For this I missed "Charlie Brown Christmas"?
Songstress Madeleine Peyroux (pronounced "Peru") was in town for a show last night. The Mrs. and I went, not knowing in advance hardly anything about her music. What we experienced was more interesting than it was entertaining.
Peyroux's concert revealed her fine voice and great taste in music, but the two were encased in a crust of hipness that was so thick as to be impenetrable. Every number she performed -- from her own brooding compositions, to Dylan's "You're Gonna Make Me Lonesome When You Go," to jazz standards -- was performed in an extreme Billie Holiday imitation. Every line was delivered off-tempo; every note was tortured, bending and swooping; and nearly every phrase ended with an intentionally discordant shading. After a while, I thought to myself, "You ain't Lady Day, honey. Why not cut the cr*p and just sing the songs?"
Peyroux was accompanied by a jazz quartet that was playing, but not necessarily with her and occasionally not with each other, either. Although we don't get around much any more, I suspect there's better work on display at Jimmy Mak's most nights of the week.
The chanteuse was not without a coterie of adoring fans, however, and her rapport with them is clearly in the manner of the detached, modern diva. Her stage banter was as scattered and ironic as her delivery of a melody. Peyroux marvelled at how many people had turned out for the show, when everyone in the room knew it had been moved from the Schnitzer, without official explanataion but most likely because not enough tickets had been sold. Speaking of which, as expected, there were quite a few unhappy custoners who had indeed gone to the Schnitz in error; by the time they unparked their cars downtown and got to the Aladdin, they had to sit by the men's room door. No mention of any of that from the stage. The obvious program is to accept Peyroux with all her quirks or leave.
Which we did, just as the band finished beating up Frank Loesser and Burton Lane's "I Hear Music." It was 10 after 10 at that point, two hours and 40 minutes after we had arrived at the Aladdin, but only 60 minutes into Peyroux's set. Before the headliner had hit the stage, the crowd got to spend 40 fairly empty minutes with Suzie Soo (my apologies, that's probably not how it's spelled), a solo singer-songwriter out of L.A. Soo is a capable guitarist, but the songs she has written all sound the same, and her better moments are covering Dylan's "Don't Think Twice, It's All Right" and Buddy Johnson's "Since I Fell for You." When she speaks, Soo sounds like just a normal, bright young American woman, but her singing voice is a croak that conjures up Toni Childs with a Chinese accent. It was another acquired taste that we haven't acquired.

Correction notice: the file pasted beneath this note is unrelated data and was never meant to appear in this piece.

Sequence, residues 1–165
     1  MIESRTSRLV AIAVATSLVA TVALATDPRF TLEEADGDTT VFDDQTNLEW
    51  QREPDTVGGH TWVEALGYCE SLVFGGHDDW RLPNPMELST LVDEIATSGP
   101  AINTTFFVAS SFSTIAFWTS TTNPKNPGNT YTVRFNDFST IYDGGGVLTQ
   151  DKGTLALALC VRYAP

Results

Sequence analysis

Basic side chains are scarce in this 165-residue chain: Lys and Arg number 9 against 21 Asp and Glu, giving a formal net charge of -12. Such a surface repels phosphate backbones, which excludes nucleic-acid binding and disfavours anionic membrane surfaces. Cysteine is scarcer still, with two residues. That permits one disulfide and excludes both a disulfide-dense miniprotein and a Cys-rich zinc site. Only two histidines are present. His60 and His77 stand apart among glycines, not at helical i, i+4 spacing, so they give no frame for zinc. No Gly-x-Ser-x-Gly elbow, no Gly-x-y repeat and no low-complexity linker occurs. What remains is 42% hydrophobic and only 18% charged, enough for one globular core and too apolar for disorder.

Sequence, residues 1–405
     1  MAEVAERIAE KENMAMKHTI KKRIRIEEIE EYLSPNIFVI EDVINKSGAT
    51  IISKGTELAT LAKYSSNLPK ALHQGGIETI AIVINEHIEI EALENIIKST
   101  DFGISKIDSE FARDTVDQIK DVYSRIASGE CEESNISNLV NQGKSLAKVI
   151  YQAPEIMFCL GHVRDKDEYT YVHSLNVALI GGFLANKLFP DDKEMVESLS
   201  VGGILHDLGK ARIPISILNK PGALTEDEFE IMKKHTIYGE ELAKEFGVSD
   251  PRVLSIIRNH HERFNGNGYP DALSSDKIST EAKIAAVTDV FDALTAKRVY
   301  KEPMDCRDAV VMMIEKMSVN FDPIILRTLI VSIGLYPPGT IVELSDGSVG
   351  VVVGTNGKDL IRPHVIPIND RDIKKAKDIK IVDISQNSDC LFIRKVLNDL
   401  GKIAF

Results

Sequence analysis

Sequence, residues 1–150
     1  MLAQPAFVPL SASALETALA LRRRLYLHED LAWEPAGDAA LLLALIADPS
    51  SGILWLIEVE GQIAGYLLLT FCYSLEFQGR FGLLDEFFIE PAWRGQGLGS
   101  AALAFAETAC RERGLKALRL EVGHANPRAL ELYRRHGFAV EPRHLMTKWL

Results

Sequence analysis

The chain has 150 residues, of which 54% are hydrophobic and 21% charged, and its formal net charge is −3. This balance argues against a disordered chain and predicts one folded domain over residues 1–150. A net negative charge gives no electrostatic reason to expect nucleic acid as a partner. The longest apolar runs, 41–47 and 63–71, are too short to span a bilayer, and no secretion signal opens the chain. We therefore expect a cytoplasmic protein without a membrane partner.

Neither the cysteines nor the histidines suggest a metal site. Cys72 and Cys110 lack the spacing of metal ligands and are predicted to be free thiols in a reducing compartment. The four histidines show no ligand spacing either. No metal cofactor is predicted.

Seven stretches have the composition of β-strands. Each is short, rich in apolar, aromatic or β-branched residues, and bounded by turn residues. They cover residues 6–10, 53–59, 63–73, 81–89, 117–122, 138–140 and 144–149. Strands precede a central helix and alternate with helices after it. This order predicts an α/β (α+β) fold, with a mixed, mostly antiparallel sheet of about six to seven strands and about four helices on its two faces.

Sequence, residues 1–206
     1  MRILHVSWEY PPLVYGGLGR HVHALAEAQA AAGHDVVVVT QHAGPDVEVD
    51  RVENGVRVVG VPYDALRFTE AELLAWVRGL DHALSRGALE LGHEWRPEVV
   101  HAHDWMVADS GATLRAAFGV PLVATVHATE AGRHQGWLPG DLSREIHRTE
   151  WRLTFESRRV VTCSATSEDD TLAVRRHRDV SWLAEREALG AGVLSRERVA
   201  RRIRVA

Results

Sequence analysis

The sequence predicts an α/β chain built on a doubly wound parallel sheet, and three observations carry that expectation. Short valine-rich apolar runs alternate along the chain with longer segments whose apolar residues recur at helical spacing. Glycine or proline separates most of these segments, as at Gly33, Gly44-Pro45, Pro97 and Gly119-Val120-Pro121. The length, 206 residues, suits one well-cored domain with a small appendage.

Do I wish we had our 80 bucks back? I guess not. It was a learning experience. But if I had known this was going to be someone straining half the night to channel Billie Holiday, I might have changed the channel. Peyroux is often said to be a big star in the making. If she somehow falls into the hands of capable, authoritarian handlers who kick her butt and get her to shape up what she's doing into something coherent and accessible, it's possible. But based on last night, I wouldn't bet on it.